I’m looking forward to talking in a couple of weeks time to some Sociology A-level students about UK crime, crime statistics and a host of related crime issues – one of which was crime related to gender. Do get in touch if you’d like me – Dan Lewis – to talk to you abuut UKCrimeStats, crime issues etc.. I can’t afford to give these talks for free but offer a much reduced and affordable rate for Schools and village societies as well as the angle and insight of an independent.
Anyway, back to the title of the post – if you’re interested in crime and gender relationships, you absolutely have to read this article in The Sydney Morning Herald, Counting the social cost of masculinity by Cynthis Cockburn, an honorary professor in the Centre for the Study of Women and Gender, Warwick University and Ann Oakley, a sociology professor.
Amongst the many factual points they assemble;
“Take the August riots in Britain this year. As the suspects were charged, considerable detail was published by the Ministry of Justice. The press focused on the age, ethnicity, neighbourhood and employment status of offenders. Yet by far the most dramatic divergence the statistics revealed was gender: 92 per cent of the first 466 defendants were male.”
“If men committed crimes leading to jail at the rate women do, the government would save about £3.4 billion a year. Zoom out to the overall cost of crime, calculated by the Home Office at £78 billion a year in 2009, including not only criminal justice system costs but lost productivity, service costs, and impact on victims.”
Here at UKCrimeStats – we currently have no data on the criminal and certainly not on their gender. I don’t think there’s much doubt that most crime is committed by men. The trouble is, I don’t think men will ever commit crimes at the rate women do and a male-free society is not really an option. And I’m not wholly convinced that the culture of masculinity (how do you define that?) is the root cause for crime. Moreover, what about the thumping big majority of men who are not criminals but manage to be seemingly masculine?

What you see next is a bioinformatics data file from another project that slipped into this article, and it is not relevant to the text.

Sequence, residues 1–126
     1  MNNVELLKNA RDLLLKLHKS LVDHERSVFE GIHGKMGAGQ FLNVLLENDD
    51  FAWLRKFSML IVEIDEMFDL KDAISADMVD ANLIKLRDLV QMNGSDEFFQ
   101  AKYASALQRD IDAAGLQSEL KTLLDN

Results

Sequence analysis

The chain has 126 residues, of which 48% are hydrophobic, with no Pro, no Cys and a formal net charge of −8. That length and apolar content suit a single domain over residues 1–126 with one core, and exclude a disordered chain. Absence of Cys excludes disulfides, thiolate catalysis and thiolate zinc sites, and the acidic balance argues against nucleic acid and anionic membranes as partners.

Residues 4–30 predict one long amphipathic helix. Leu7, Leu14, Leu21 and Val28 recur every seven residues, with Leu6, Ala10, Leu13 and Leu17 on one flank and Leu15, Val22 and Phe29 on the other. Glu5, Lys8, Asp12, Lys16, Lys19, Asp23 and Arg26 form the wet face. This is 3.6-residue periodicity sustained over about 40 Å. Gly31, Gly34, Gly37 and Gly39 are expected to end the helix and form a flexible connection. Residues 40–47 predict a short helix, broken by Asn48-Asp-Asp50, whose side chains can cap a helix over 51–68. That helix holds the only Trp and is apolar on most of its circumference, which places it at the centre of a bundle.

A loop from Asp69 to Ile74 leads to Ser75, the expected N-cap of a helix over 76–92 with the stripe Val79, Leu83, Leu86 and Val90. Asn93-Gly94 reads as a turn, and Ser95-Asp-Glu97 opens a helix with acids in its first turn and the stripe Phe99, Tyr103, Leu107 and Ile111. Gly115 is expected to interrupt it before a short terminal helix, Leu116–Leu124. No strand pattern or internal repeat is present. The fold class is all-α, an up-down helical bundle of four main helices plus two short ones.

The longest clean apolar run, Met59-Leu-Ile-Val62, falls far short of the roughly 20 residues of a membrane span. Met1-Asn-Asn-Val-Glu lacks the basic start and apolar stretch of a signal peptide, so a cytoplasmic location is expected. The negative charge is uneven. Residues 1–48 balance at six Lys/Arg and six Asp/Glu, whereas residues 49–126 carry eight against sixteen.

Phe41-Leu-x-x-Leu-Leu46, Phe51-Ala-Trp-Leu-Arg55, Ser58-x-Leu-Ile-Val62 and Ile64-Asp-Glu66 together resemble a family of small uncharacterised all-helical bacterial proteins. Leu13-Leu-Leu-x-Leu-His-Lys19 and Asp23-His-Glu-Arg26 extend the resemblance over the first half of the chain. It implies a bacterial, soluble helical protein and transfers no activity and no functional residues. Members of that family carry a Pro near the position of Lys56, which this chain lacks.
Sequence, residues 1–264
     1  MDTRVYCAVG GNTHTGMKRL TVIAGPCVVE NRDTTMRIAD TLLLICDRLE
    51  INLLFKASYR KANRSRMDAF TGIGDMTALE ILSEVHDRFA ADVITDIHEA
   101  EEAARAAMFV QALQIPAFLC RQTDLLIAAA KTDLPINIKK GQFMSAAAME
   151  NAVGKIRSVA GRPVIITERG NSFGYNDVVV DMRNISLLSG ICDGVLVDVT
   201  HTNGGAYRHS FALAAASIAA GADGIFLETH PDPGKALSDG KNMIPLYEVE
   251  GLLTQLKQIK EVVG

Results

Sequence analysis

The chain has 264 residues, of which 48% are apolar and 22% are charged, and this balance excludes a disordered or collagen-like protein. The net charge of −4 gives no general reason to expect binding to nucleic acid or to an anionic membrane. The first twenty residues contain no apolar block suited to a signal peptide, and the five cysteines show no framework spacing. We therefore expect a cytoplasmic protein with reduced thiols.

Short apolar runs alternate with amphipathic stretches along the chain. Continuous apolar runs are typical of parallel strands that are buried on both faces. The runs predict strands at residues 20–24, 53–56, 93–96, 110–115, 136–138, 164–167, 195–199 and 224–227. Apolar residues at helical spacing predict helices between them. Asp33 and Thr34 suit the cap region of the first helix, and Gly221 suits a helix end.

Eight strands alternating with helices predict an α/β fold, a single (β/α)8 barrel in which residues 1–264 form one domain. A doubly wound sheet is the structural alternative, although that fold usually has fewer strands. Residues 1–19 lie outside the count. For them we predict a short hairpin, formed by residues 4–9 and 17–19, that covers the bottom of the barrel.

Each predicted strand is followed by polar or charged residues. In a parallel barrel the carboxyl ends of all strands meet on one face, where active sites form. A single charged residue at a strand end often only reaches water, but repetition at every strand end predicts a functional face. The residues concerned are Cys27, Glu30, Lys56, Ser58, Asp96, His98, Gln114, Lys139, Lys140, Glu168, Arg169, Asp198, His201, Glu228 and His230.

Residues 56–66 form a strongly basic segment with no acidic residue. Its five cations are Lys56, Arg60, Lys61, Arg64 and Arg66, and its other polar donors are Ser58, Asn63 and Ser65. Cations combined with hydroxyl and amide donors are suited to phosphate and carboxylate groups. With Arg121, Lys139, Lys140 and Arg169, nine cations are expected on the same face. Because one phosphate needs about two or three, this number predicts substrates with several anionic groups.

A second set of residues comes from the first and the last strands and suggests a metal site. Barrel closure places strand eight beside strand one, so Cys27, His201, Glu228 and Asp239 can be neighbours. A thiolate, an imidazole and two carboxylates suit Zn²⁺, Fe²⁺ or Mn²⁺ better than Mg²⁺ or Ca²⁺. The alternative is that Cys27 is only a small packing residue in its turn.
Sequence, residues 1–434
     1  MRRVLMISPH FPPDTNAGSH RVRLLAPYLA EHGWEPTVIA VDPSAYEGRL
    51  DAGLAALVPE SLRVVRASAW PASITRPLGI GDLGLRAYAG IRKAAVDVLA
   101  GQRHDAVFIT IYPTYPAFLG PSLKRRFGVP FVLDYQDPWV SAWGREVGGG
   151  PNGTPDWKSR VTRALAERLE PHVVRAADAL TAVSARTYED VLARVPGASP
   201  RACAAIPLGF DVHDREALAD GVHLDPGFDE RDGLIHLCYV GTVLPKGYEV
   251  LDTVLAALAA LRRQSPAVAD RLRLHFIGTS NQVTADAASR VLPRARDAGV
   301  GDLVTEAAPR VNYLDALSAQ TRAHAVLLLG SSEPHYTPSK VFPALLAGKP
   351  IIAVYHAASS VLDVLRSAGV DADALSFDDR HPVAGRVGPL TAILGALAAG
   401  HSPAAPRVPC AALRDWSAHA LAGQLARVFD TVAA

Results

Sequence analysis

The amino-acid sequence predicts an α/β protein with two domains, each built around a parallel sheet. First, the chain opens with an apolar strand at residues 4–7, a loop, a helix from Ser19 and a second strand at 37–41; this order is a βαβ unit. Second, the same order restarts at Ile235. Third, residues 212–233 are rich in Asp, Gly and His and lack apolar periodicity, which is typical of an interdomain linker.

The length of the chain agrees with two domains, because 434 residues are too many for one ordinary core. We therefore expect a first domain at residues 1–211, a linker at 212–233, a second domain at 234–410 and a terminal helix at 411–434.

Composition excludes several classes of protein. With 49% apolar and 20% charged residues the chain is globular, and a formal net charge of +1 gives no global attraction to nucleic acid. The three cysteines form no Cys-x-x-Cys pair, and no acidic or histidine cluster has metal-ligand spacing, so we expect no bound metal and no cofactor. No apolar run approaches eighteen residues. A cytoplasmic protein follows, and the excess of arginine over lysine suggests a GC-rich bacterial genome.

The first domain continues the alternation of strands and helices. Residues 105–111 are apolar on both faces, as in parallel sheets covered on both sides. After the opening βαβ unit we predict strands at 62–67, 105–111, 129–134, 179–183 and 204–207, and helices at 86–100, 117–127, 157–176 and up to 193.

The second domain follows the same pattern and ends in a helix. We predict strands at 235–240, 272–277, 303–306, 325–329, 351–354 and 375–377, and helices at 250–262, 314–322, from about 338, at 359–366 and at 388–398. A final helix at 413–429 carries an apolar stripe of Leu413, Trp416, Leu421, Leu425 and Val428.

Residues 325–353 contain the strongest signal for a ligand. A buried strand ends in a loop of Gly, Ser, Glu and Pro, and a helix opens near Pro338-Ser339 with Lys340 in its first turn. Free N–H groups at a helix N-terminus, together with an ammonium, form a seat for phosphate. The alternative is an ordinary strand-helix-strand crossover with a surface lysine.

The authors didn’t seem to have space to say which of “. . . the certain widespread masculine traits and behaviour are dangerous and costly to individuals and society“.
I do much agree though that it is violent crime that is so worrying and there does seem to be an established long-term rise. Measured as a percentage of the total of reported crime, violent crime has been;
2.4% in 1900
1% in 1937
0.9% in 1967
5.6% in 1997
About 10% so far in 2011 – CORRECTION (28/11/2011) – sorry, it worse than I thought as I was including ASB under the crime total which it isn’t. In September 2011, violent crime made up 17.42% of the total of recorded crime.
These first 4 figures come from a quite brilliant book, “The Strange Death of Moral Britain” by Professor Christie Davies that explores how the UK went from being a low crime, highly moral society from the end of the Victorian period to the 1950s to what we have today. I couldn’t give justice to his book here but there really are many factors at play – family breakdown, drug addiction, the death of religion, alcoholism and a major decline in moral habits of orderliness, honesty, duty and loyalty.
The good news is, as a country, we have been here before – the early Victorian period was heavily marred by crime and social breakdown and they managed to put nearly all of these negatives into reverse by the end of the 19th century.
And I for one am young and naive enough to believe it can be done again.